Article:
Theologian: Christ is the great absentee from Synodalist discourse

Theologian Tück sees German Catholic Church in massive crisis

Viennese dogmatist: German wave of departures indicates "total church meltdown", but without church, society as a whole loses - "Only where pruning takes place can new shoots grow"

The Viennese Catholic dogmatist Jan-Heiner Tück sees the Catholic Church in Germany in a massive crisis. "Things can hardly get worse for the Catholic Church in Germany. More than half a million Catholics have left in 2022," writes the theology professor at the University of Vienna, who himself comes from Germany, in a guest commentary for the daily newspaper "Presse" (Sunday). He sees reasons not only in the outrage over sexual abuse by clerics and the cover-up by bishops, but also in "secularisation thrusts and a crisis of faith that has been smouldering for some time".

The wave of departures indicates a real "church meltdown", says Tück. The theologian was convinced that society as a whole loses when the church erodes. He referred to the Church's commitment in the areas of education and care, but also to its clear position on the inviolability of human dignity from the beginning of life to the end, which is increasingly being eroded in secular societies in bioethical, legal and political terms. He warned of an increasing loss of the "vertical horizon", without which the view of the accelerated life worlds threatens to become flat.

Church presence remains important "even if the wave of departures continues and the Church becomes a qualified minority", Tück emphasised. The Church counters the "pitiless treatment of modernisation losers" by standing up for the weak. The Church counters the "widespread accusatory furore to fixate others on their mistakes" with a culture of forgiveness. "Humanity is threatened where grace is lacking and people are reduced to their achievements. The social temperature in society could become colder without the Church," the theologian said.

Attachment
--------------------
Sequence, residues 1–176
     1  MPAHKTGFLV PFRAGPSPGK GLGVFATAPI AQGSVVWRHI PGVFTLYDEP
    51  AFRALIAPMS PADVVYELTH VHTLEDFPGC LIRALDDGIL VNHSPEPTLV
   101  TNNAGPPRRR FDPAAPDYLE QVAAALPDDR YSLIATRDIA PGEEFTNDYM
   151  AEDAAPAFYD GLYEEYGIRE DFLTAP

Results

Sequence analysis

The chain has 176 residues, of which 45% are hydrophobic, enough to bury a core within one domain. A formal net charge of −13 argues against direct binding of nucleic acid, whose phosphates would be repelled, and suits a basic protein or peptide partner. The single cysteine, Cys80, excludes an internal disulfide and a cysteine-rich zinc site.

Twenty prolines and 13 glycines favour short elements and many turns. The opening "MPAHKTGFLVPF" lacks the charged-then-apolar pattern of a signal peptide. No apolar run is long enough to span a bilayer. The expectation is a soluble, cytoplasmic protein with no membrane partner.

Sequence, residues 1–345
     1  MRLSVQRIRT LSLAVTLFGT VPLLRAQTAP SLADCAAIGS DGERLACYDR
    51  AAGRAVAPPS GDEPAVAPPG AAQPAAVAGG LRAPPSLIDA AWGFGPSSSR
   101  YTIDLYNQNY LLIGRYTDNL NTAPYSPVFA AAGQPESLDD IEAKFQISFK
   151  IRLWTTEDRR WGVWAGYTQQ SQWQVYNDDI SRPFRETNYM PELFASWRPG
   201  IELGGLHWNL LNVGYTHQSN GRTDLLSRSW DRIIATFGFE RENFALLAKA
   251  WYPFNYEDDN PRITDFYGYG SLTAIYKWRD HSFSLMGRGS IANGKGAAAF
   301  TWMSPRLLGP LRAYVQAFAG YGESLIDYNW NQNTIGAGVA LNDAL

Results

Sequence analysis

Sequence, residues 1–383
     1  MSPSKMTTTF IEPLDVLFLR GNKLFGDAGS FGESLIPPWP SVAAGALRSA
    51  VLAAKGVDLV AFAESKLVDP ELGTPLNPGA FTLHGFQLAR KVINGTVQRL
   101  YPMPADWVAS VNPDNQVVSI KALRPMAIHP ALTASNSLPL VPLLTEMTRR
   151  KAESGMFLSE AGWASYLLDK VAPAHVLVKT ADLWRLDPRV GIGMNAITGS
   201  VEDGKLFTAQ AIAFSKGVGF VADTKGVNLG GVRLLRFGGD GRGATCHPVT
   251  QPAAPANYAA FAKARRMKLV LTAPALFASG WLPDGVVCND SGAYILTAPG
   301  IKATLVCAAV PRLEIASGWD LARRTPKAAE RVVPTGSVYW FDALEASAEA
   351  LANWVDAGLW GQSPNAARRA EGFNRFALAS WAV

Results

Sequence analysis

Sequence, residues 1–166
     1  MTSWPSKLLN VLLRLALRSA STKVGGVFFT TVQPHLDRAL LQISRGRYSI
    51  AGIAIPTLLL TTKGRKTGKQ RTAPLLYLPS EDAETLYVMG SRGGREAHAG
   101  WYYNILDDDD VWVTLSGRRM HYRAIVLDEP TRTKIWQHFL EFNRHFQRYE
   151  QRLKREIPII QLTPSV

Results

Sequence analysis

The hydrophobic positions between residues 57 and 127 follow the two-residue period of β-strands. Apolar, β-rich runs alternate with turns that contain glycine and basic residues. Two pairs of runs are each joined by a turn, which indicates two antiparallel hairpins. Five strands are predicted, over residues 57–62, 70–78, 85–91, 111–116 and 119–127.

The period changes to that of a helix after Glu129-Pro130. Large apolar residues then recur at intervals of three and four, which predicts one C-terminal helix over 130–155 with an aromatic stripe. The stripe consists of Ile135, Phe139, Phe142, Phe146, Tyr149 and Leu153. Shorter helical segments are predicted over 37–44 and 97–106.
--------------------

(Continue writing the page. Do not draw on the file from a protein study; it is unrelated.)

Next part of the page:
The gap between church preaching and today's knowledge society has also widened, he said. "Concepts like creation, sin, grace or redemption have lost their orienting power," Tück wrote. Many have "settled into a framework of immanence and live as if God does not exist". Finally, there are financial reasons. "Why should one, when life becomes more expensive, still pay church tax and pay compensation sums for which one bears no responsibility?" was a justified question that many asked themselves.

How the Church reacts to "this epochal dawn" is crucial, Tück said. In its "ecclesiological narcissism and concern for securing power", the Church had betrayed victims and in the process forgotten Christ, the Crucified. "He is also the great absentee in many reform discourses," Tück said, probably alluding to the German reform process "Synodal Path". The "dying churches, standing like defoliated trees in the late-modern landscape" would only find new life, however, if they recollected their centre and learned the lesson of self-circumcision. "Only when they are pruned can new shoots grow.


Cathcon: This is quite a major concession given the Professor's theological background which includes a liking for Catechisms to suit personal taste and culture 


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